December 22, 2003
Mr. Jonathan G. Katz
Subject: Regulation SHO
I am writing in response to Regulation SHO currently being proposed by the Securities and Exchange Commission. While the majority of the proposal I feel is fair and just, there are several key components I believe are imprudent or misguided.
My biggest grievance concerns the "Bid Test" portion of the proposal. I firmly believe that in order to attain the best trading environment, exchanges should strive to be "true markets". Exchange Traded Funds (ETFs) such as the QQQ and the proposed "Pilot Program" of Regulation SHO are examples of true markets. In both ETFs and the Pilot Program, buyers and sellers are allowed to trade with each other at prices they determine with little limitations. Other than locating the securities to be borrowed, all sales (long or short) are permissible regardless of the last trade or up tick. I believe that all securities could operate like ETFs because any selling pressure short sellers could create would at some point create buying opportunities for others. So rather than implementing the Bid Test rule, which would in effect hamper the way stocks should trade, I believe it would be better to have all stocks included in the Pilot Program.
If the SEC feels the exchanges and the NASD would be incapable of properly monitoring a true market system, than at very least the rules that govern short sales should be as close to a true market as possible. In a true market there are three ways one can get short:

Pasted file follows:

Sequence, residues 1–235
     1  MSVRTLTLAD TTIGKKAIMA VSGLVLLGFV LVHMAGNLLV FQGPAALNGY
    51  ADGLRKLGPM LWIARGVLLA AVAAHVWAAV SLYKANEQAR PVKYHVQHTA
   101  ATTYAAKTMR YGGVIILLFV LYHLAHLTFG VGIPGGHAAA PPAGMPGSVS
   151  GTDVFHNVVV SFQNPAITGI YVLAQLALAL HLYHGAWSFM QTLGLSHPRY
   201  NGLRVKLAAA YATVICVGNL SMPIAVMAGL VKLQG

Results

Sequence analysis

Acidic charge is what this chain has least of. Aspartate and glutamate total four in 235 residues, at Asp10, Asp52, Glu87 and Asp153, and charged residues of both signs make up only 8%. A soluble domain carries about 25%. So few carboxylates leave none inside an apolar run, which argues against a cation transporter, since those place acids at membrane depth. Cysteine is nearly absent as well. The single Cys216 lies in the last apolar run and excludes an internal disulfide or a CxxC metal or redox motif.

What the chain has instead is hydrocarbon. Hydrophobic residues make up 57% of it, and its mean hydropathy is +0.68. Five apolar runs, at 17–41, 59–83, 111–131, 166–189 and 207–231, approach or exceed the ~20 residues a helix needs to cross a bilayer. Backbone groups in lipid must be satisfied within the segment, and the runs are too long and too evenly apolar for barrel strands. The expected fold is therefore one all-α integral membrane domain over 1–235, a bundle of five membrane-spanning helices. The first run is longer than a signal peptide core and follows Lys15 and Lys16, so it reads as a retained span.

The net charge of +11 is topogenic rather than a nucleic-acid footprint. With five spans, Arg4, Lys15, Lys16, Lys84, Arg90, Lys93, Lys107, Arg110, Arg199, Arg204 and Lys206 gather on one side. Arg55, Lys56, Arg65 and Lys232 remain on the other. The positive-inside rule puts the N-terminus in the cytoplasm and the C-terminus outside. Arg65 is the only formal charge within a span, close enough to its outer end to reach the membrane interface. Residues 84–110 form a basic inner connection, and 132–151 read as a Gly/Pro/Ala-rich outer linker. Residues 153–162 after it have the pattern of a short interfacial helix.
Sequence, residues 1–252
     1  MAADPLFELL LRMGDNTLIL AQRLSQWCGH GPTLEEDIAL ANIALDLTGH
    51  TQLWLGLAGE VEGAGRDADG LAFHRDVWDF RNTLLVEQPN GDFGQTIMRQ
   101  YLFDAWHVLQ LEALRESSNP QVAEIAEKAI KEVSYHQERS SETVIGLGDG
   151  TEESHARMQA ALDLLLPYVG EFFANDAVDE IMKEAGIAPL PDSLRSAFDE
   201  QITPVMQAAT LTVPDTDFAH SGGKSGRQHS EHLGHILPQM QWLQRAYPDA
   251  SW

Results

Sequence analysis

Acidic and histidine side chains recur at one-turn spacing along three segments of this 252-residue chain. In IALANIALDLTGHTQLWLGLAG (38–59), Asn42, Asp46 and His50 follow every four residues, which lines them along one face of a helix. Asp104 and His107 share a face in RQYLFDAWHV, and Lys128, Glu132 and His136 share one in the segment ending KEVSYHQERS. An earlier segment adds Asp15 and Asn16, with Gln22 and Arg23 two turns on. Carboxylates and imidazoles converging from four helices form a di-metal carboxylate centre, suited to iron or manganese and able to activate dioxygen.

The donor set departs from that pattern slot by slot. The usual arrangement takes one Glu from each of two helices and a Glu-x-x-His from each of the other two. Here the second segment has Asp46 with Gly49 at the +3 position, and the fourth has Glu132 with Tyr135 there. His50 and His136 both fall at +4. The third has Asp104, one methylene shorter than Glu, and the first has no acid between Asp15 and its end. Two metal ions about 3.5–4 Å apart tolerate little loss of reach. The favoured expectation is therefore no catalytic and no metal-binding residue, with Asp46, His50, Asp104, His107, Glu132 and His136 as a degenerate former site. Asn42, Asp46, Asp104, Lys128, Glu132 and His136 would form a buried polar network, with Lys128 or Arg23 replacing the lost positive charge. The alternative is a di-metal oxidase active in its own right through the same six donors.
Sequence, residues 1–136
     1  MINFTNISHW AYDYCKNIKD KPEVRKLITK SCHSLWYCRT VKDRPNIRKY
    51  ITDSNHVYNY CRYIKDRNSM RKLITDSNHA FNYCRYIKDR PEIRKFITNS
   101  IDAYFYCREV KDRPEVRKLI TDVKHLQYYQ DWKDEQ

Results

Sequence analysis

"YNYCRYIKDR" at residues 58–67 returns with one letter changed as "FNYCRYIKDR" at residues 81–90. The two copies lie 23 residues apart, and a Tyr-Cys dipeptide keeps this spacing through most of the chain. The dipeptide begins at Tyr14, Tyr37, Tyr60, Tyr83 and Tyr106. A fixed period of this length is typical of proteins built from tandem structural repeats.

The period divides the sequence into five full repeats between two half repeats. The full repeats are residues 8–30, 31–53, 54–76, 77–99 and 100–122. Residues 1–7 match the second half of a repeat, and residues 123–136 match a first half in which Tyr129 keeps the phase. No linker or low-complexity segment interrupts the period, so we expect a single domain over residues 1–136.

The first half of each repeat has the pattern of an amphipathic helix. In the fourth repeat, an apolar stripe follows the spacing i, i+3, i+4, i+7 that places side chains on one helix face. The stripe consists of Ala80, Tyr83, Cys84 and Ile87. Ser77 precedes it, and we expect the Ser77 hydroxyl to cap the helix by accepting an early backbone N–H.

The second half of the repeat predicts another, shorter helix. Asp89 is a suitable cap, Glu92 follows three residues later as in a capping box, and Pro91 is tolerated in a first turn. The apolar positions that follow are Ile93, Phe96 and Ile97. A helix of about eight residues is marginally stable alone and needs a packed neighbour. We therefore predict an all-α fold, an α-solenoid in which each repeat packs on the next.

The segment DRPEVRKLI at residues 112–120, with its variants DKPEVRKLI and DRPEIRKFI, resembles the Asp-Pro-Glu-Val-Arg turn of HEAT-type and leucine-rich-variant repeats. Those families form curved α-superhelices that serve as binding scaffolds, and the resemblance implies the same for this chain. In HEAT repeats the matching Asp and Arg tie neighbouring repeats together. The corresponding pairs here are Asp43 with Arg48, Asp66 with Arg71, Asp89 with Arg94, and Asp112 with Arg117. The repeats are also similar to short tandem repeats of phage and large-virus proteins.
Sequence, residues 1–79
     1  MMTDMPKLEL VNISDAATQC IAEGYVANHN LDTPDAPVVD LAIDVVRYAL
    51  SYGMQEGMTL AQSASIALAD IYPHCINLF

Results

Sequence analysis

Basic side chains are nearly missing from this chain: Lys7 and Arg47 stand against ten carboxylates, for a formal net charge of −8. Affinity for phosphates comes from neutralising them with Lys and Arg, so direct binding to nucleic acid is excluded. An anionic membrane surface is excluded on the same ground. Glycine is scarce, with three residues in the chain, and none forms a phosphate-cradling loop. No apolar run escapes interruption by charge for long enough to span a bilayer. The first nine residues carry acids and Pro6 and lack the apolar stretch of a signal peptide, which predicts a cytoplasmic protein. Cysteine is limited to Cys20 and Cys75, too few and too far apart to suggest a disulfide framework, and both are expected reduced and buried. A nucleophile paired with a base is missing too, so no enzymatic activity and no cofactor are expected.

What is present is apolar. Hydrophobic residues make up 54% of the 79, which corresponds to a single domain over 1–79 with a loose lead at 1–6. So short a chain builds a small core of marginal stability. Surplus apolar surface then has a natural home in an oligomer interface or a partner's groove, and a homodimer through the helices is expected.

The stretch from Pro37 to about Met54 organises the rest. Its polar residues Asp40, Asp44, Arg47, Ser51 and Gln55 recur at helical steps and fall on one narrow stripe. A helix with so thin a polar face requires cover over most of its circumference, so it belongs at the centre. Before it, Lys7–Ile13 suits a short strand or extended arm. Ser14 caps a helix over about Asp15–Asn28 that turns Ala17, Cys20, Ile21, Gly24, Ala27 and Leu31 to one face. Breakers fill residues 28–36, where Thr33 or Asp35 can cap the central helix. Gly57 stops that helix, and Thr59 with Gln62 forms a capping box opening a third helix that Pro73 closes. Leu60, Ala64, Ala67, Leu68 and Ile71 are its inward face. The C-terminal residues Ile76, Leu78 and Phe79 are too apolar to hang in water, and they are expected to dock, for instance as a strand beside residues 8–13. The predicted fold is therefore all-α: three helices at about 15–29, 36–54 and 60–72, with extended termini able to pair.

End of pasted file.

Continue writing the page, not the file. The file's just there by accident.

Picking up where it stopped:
On the offer
On the bid on an up tick
On the bid on a down tick.
The current short sale rules for NASDAQ securities are at least closer to a true market than the proposed Bid Test rule in Regulation SHO because it allows options 1 and 2. The proposed Bid Test rule would only leave option 1. I also think the proposed "After Hours Trading" portion of Regulation SHO is unwise for the same reasons stated above.
Lastly, I would question the need for the "Severe Market Decline" portion of Regulation SHO. I believe the rules that are currently in place for extreme declines in the markets that result in temporary halts are effective enough. If anything, there should be a better determination of when to halt individual stocks. That is an area where I have witnessed greater problems.
Raymond J. Murphy